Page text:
- 3. CFOs should define what portion of growth will be "credited" to marketing.
- 4. Adjust financials for the time-value of money.
- 5. Always conduct a scenario analysis with forecasting to define the most plausible outcomes based on multiple variables. In our example, variables may include what technologies your competition owns, what new technologies are in the pipeline and when they will be available, and the diminishing procedure rates after your health system or your competition acquires new technologies.
The simpler the presentation of critical success data, the better. No executive likes a huge stack of data without a summary of the analysis and what its implications are. That's why dashboards are recommended. They are designed to reflect what the organization is most interested in knowing in a snapshot format. Named after easy-to-read automotive dashboards, these are management reporting tools highlighting LMIs in easy-to-read pie charts, bar charts, and tables. They consolidate important data into one page (or dashboards), allowing busy managers to quickly understand the success or failure of given initiatives. They also allow for fast adjustments based on market responses. Common elements of marketing dashboards include total marketing spending, media mix allocations, ROO, ROI, and a calendar of what marketing initiatives are being conducted when. All aspects should be color-coded by service line.
CFOs should work with marketing leadership to define LMIs based on your business and marketing goals. By conducting a bi-annual survey to first-time patients during a one- to two-month duration, marketers can prioritize LMIs. Analyze how patients decide to use a particular service. Who were their key opinion leaders (family members, physicians, etc.)? Was the determination swayed by their insurance carrier, HMO, or PPO? Or was it based on a marketing activity? Calculate what percentage of new patients arrived through what channels. Assess what marketing source was most influential to tell if customer-related or physician-related marketing is having an impact.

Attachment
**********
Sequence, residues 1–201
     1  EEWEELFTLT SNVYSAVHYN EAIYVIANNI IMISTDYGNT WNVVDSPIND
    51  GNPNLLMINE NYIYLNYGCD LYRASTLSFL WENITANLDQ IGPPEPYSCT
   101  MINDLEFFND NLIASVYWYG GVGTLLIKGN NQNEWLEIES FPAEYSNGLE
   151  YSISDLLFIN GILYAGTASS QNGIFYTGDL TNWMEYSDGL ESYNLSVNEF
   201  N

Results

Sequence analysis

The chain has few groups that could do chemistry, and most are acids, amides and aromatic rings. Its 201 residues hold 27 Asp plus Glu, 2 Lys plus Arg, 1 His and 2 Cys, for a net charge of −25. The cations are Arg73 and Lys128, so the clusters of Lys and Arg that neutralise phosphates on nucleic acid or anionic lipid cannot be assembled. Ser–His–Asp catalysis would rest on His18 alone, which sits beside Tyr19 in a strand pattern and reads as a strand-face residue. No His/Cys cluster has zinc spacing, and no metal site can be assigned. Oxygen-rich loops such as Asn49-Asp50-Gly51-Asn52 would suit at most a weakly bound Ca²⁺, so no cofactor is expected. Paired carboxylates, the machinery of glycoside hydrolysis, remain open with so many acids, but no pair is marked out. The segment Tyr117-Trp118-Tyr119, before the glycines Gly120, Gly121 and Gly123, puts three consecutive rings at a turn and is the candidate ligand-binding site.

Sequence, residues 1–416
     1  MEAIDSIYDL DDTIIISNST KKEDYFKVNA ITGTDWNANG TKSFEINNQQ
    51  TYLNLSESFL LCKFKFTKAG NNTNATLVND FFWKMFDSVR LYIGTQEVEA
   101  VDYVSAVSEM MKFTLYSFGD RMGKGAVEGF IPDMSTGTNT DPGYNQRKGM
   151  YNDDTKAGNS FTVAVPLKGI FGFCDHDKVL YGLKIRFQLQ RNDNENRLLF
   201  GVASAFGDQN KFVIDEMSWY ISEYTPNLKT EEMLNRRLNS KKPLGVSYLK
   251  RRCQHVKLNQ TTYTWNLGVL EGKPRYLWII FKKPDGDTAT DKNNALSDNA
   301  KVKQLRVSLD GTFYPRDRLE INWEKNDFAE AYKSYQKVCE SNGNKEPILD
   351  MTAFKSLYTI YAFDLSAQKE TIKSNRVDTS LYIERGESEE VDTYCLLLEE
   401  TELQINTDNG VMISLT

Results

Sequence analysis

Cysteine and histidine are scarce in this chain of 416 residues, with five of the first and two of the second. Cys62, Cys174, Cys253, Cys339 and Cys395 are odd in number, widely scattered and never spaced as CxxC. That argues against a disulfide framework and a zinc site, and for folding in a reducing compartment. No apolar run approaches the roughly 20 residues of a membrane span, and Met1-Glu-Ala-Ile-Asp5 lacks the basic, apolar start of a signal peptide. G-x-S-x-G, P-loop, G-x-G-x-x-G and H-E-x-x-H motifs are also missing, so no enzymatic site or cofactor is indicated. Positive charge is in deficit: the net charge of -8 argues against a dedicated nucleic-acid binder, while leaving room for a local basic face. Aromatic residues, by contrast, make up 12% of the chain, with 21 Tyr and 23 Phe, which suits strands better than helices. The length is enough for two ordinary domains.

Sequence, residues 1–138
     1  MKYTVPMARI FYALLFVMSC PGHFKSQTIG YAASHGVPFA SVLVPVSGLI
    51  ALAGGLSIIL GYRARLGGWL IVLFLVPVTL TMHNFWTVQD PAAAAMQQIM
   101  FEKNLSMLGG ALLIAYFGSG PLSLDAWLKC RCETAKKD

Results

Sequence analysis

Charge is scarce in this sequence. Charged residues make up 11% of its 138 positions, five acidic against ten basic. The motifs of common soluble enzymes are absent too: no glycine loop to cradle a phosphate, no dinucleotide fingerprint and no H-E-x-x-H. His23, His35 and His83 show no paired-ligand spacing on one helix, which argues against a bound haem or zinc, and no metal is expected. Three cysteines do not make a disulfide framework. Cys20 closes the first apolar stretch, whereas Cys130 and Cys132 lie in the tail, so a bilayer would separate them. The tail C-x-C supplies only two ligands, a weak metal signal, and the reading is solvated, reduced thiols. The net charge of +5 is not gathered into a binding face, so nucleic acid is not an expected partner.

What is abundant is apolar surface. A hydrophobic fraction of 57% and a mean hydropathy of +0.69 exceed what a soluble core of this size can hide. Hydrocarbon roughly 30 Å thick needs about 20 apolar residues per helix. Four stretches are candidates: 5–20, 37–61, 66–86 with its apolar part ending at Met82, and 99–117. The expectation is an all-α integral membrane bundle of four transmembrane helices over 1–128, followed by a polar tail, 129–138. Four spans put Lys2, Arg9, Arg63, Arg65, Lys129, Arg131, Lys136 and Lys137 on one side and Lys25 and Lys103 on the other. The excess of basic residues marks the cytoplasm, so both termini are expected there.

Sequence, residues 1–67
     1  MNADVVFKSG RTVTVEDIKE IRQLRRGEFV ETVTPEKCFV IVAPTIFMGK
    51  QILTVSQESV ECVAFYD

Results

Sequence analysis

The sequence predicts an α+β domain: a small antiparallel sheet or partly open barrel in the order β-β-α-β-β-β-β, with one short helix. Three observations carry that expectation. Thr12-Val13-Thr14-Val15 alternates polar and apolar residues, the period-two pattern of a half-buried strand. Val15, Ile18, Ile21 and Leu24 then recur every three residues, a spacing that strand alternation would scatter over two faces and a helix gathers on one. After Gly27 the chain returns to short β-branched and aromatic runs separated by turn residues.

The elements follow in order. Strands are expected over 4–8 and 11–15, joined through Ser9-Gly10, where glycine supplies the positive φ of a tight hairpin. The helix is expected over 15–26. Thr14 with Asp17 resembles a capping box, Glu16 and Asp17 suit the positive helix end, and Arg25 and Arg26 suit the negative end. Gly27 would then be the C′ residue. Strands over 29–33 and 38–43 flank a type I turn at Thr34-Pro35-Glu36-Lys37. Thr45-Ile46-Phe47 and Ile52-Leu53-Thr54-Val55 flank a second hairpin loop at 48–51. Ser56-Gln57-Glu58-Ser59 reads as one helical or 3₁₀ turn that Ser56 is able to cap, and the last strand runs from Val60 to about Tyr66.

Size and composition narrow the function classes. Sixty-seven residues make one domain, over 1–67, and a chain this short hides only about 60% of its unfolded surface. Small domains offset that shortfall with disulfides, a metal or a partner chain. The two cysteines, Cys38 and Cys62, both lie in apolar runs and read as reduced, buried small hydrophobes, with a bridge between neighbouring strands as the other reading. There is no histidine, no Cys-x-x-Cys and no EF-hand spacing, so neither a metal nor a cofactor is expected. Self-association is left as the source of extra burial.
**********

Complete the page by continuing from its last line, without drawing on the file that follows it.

Next, conduct a SWOT analysis of current marketing function support systems such as contact center staffing levels during peak and non-peak hours, current call volumes, referral and conversion rates, IT functionality and data collection, analysis and reporting, existing referral policies and procedures, Web application development and database integration, and revenue reconciliation. Take a look at the ability to match caller requests with existing clinical data, current marketing costs, and current ROI/ROO measurement devices. What information is missing to accurately provide the intelligence to track and forecast? Use this analysis to define what you would need in a tracking system.
Actually setting up a tracking system is unique to each healthcare system and varies widely based on human resources, financial resources, and IT sophistication. There are many customer relationship management (CRM) systems that can be used for capturing marketing intelligence as well as tracking results and forecasting.
Once your system is in place, test it. Begin by tracking a single service line initiative. Smooth the wrinkles before expanding your tracking system to other areas. Slowly add other service lines.
Healthcare CFOs and marketers can work together to aggressively drive the bottom line given the right information. By following these guidelines, you can set up ROO and ROI tracking systems that maximize results and lower expenses.
Gabrielle DeTora is a Strategic Healthcare Consultant in Philadelphia, PA. She may be reached at 908-447-9231 or info@GabrielleDeTora.com. To learn more about effective ROI tracking go to www.GabrielleDeTora.com.